Just days before he succeeded Bill Gates as Microsoft's chief software architect, Ray Ozzie last week heralded a new era of "services disruption" that he claimed will transform the way enterprise IT infrastructures and business systems are designed, deployed, managed and used.
But the attempt by Ozzie, then Microsoft's chief technical officer, to spin a corporate IT angle for the company's Internet-based "Live" services strategy failed to strike a uniformly resonant chord. IT professionals at Microsoft's TechEd 2006 conference in Boston were mixed on whether they think their companies will take advantage of the services in the next couple of years -- or if they ever will.
"I'm very skeptical," said Justin Smith, a New York -based senior messaging and collaboration administrator atSodexho. Smith said the food and management services company's IT department is accustomed to delivering a certain level of technical support that he isn't sure an outside vendor could reliably match. "I believe in having assets internal rather than external, if it's a cost wash or similar," he added.
But Ozzie's name alone carried enough credibility for David Porter, a software engineer at Progressive Casualty Insurance, Ohio, to at least give the services pitch consideration. Porter said he has been impressed with Ozzie since he gained fame as the father of Notes at Lotus Development. Ozzie later founded Groove Networks, which Microsoft acquired last year.
Not surprisingly, Microsoft isn't suggesting that IT departments make a whole-hog switch from packaged software to online services. Ozzie said the company recognizes that the transformation will occur over a period of years. Microsoft is taking a "very pragmatic approach," blending desktop and server software with a set of its own enterprise service offerings, plus others provided by business partners, he noted. That will enable IT managers to "make the right trade-offs" for their companies, he said.
Ozzie and other Microsoft executives cited several examples of services that might appeal to corporate IT managers. An IT department could offload e-mail to Microsoft's Exchange Hosted Services. Windows Live Search, which is in beta testing, will allow end users to bring together in a single query information from their PCs, Microsoft's SharePoint collaboration software, enterprise applications and the Internet.
In addition, Ozzie noted that Microsoft plans to federate its Windows Live identity service with Active Directory to enable authenticated users to access a vast array of Internet-based services without having to create a separate identity for each one. His keynote speech made use of Microsoft's Windows Live Virtual Earth mapping technology to trace his employment roots in a display so detailed that attendees could see the colors of buildings where he used to work.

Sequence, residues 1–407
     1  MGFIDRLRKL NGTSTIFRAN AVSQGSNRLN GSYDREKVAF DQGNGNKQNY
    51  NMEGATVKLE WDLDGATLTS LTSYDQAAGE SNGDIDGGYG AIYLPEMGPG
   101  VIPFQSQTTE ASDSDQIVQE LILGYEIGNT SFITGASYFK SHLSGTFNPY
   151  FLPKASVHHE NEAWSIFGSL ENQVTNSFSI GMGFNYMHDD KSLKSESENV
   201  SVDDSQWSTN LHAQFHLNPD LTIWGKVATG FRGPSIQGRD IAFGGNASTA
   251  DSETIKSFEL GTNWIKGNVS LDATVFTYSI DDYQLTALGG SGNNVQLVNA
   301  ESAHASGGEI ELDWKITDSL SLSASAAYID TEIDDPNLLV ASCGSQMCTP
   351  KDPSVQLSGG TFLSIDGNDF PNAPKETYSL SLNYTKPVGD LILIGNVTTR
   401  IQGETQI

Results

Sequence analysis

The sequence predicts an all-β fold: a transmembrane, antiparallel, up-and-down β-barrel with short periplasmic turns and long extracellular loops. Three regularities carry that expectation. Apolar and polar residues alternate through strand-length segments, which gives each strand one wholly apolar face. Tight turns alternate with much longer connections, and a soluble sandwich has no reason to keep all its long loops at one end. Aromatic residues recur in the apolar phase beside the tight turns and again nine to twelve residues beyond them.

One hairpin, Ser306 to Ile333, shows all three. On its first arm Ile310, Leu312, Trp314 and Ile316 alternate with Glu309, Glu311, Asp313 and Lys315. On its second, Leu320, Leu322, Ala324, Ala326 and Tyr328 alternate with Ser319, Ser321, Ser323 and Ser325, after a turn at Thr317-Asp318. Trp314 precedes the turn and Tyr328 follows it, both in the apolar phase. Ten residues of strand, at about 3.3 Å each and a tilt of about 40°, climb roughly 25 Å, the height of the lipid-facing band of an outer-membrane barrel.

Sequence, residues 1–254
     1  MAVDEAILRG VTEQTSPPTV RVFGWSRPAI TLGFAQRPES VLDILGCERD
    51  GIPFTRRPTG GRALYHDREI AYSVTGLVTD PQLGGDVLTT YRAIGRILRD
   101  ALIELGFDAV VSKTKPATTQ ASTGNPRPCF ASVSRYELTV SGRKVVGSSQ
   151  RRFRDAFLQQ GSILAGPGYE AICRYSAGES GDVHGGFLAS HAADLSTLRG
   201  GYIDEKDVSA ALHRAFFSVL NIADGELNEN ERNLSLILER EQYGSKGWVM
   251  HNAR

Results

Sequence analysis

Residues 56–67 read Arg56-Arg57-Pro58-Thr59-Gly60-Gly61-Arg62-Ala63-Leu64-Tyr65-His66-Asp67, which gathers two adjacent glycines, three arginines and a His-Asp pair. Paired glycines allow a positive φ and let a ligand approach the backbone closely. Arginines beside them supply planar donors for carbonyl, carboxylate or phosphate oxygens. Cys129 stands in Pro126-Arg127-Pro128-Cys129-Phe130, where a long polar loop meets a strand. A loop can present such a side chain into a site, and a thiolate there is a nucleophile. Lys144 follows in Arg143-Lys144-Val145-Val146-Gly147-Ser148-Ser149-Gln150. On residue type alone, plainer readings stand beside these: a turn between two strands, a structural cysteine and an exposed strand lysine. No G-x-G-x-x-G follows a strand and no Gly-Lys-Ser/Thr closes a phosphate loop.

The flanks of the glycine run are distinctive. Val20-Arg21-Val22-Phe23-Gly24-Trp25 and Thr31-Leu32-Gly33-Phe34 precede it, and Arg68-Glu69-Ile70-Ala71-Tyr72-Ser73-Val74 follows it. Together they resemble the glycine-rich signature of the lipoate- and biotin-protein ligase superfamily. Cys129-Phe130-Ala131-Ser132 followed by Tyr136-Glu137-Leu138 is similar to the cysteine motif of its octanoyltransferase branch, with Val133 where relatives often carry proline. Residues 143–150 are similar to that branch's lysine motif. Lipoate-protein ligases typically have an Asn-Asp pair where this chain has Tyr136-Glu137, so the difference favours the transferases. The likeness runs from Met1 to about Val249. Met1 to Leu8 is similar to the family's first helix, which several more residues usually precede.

Joel Zinn, a Tulsa-based senior IT developer at American Electric Power Co., said the Virtual Earth technology could help the utility's service technicians as they respond to calls. But like other users, Zinn said he harbors doubts about services such as hosted Exchange, especially at a company as geographically dispersed as AEP, which is based in Columbus, Ohio, and has 5 million customers in 11 states.
"Utilities tend to be conservative, so [company executives] would have to be convinced that there's a good return on it," Zinn said.
Andy Gorman, a senior technologist at a major financial institution, said Microsoft's services vision had a "pie in the sky" feel to him. "It's good in concept," he said. "I just can't see it being implemented in the next 10 years, and I don't think many companies are ready for it. They wouldn't buy it culturally."
Many users also would be on pins and needles over concerns about information security and a lack of control over their data, he said.
But Gartner analyst Daryl Plummer said such concerns are perennial and have yet to stop any Web-based, service-oriented architecture or software-as-a-service efforts from going forward. Plummer, in fact, said he thinks Microsoft will have to move farther away from software infrastructures than it is now, and toward services.
Microsoft's own software licensing scheme is paving the way toward broader adoption of online services, said the chief technology architect at a major food-processing company. Many Microsoft users already pay a yearly software fee, noted the architect, who asked not to be identified. Shifting to a services model is the next step, he said.
But some TechEd attendees still had trouble getting their arms around the new approach that Ozzie laid out.
"I can't relate to what they're doing," said Tyrone Boyd, associate director of network services at Howard Universityin Washington. "It just doesn't register with me yet."